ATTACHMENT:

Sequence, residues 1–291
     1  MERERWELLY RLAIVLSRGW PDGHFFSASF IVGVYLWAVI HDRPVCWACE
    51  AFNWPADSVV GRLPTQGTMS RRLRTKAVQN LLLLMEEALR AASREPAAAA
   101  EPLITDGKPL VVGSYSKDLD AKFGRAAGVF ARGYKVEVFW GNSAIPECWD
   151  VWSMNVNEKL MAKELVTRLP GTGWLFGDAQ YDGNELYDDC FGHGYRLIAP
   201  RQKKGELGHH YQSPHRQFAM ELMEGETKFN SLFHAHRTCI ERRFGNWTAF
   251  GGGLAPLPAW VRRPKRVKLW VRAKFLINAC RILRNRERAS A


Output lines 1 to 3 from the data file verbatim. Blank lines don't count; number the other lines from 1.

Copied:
Sequence, residues 1–291
     1  MERERWELLY RLAIVLSRGW PDGHFFSASF IVGVYLWAVI HDRPVCWACE
    51  AFNWPADSVV GRLPTQGTMS RRLRTKAVQN LLLLMEEALR AASREPAAAA